Trombone ranges

• Dec 26, 2017 - 12:30
S5 - Suggestion

I'm reporting a tessitura problem for the Trombones / Bass Trombones (which I currently play as student)

The default ones are way too short : Here are the real tessituras for theses instruments

Trombone :
Student : from Bb1 to Bb4
Pro : from G1 to D5

Bass Trombone (which I study)
Student : from E1 to Bb4
Pro : from Bb0 (It's possible) to D5.

Thank you for understanding this issues
I hope this will be fixed as soon as possible ;)

Have a nice day


Do you have references for these ranges? The ranges for trombones have been changed for 2.2 to

Student: B1-Bb4
Pro: B1-D5

Bass Bone:
Student: B1-Bb4
Pro: G1-D5

In the mean time you can change the ranges yourself if you want so the notes are colored the way you like using the staff properties dialog.

First : wow what a quick response xD

My references are my abilities and my Bass bone teacher. He says that a beginner in this instrument can easily get down to the E1 and get up to the Bb4.

I know the ranges changed with this update, but apart from the Tbn student range, which is right, the others are not correct.
By the way, I know someone in my Trombone band who can play a Bb0. That was awesome anyway 😃 !

I know I can change them with the line properties dialog, but what I want is that composers will no longer stop to red notes that are actually easily reachable for a Bass bone student. I played so much scores which don’t use the real BB range, and sometimes even get the notes to the upper octavia …
I think that showing the right tessitura to the composers on their score creating software would help them to use all the capability of this beautiful instrument.

(sorry for my bad English, I’m french)

Thank you for your quick answer

In reply to by TimePasteque

It's possible there is some confusion over that octave numbers these mean. Different systems use the numbers differently. Some systems list middle C as C4, others as C5, etc. It's also possible there are different models of bass trombone with different standard ranges (because they employ different extensions and triggers), and perhaps one model is more common in France than other countries.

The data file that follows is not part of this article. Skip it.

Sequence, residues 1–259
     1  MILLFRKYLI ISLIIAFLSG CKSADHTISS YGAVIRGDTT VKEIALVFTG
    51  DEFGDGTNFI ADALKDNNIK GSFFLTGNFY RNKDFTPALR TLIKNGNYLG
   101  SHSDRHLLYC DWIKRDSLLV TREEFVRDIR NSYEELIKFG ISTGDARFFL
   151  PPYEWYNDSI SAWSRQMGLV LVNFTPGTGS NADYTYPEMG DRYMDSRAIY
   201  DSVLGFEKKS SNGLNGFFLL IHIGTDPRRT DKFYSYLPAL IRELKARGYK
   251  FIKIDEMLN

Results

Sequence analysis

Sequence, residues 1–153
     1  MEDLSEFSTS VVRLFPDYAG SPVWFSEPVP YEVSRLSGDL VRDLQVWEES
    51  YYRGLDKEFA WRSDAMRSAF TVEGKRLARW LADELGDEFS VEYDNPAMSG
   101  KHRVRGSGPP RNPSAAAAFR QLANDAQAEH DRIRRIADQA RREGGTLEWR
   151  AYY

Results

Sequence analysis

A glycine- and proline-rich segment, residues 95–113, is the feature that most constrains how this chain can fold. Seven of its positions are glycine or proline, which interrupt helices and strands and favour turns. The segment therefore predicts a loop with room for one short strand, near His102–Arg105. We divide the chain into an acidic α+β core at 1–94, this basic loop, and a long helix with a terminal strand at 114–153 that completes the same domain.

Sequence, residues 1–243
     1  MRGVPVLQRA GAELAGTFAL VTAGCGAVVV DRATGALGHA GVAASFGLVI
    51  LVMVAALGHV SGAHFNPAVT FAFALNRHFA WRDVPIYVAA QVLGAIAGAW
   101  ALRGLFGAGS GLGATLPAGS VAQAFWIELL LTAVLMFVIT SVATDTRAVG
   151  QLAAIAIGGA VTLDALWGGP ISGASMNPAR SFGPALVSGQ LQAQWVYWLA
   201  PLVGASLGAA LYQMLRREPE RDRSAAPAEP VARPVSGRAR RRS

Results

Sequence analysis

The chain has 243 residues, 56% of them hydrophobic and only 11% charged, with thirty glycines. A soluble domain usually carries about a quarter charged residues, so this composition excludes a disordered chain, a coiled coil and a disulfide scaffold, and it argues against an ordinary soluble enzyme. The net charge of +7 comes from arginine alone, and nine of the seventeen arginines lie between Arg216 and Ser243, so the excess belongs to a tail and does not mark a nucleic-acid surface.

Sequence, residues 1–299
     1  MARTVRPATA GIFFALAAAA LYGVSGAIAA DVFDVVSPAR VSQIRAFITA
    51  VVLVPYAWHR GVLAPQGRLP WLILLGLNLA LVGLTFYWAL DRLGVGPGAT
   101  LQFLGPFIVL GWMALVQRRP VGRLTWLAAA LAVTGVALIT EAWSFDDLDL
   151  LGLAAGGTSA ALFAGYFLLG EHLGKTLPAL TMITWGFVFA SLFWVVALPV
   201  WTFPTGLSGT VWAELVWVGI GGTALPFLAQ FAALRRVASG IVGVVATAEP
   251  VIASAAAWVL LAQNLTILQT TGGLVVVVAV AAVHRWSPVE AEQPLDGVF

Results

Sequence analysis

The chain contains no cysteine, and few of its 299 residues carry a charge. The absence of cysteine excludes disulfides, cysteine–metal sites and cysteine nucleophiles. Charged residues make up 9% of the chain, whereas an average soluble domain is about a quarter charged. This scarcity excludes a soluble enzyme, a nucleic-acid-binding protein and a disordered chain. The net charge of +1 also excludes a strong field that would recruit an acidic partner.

Anyhow, in my experience - which is also backed up by pretty much every reference I can find on the subject, for example - a bass trombone can only easily go down to the Bb that is just over two octaves below middle C - the note that is listed as Bb1 in the system used by MuseScore. Notes below the standard range on most brass instruments are so-called "pedal tones" that might be produced with some effort - indeed, even by beginners - but cannot be played in succession the way normal notes can. Hence it is still appropriate to flag them so beginners don't make the mistake of writing a passage of pedal tones that is unplayable. MuseScore has no way to indicate that a note would be playable only as a long note with a breath before it.

In reply to by Marc Sabatella

That's a really nice explanation, however ''France bass trombones '' are the same as the others in the world... My bass bone is a Yamaha xeno, so I think it is not really specific in its ranges.

About that : it's exactly what you said. Notes under Bb1 are pedal notes, and the famous Bb0 is the ''contrapedal '' note. Surely, they are not ''as playable'' as the upper notes, especially when we get under the D1, even if pros make them sound really nice. However, these notes are useful for effects, tonics or simply the bass line. For sure, excluding theses notes from the MS default ranges would avoid ugly themes written too low, but as we can ear in Romeo and Juliet by Prokoviev, sometimes theses ranges in particular can be important in the main music theme. Tomorrow I will snap a pic to show you what I mean.

Thanks for your response !

Useful as effects, sure. But as I said, you can't write for them as if they are easy to produce as other notes. See practically any published or online reference - they are virtually all in agreement on this.

Sure, if you know what you are doing, you are welcome to ignore the warning and exceed this range to achieve the special effects you want. But the average composer should stick to the range recommended by virtually every reference on the subject. And that is why the warning exists.

Here are some exemples :
The first pic shows notes as low as Eb1, doable in 8ts
In the second one, you will probably be able to recognize the famous Romeo and Juliet theme, in the bottom red circle.

Theses music parts can be found in Matriochka, a music that you will soon be able to ear in the website or the YT channel TromboneAlsace. It was performed in July 2017, at the ''Festival de trombone d'alsace' in Mulhouse.

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In reply to by TimePasteque

I believe the typical user of MuseScore is an amateur who is not familiar with the ranges of all instruments, but rely on MuseScore to give them an idea of the range of the instruments. We get enough questions on the forums and issue tracker to indicate that many users actually use MuseScore as a tool to learn about music. I believe this is a good thing for the future of music. Having said this, I also believe it is best to indicate the usable range of an instrument according to the normal range and not include pedal tones or advanced techniques to play (more applicable to non-brass instruments).

The professional who knows what musicians are capable of can write music as he see's fit. If he wants to be rid of the colored notes, it is a quick fix to change all of the notes black. For example, I do this on the majority of Contra Bass music I write/transcribe because a large number of them have a low C string rather than an E string. Guitar players and composers do a bit more work to change the tuning on guitars to allow them to write tablature correctly rather than having 13 guitars defined.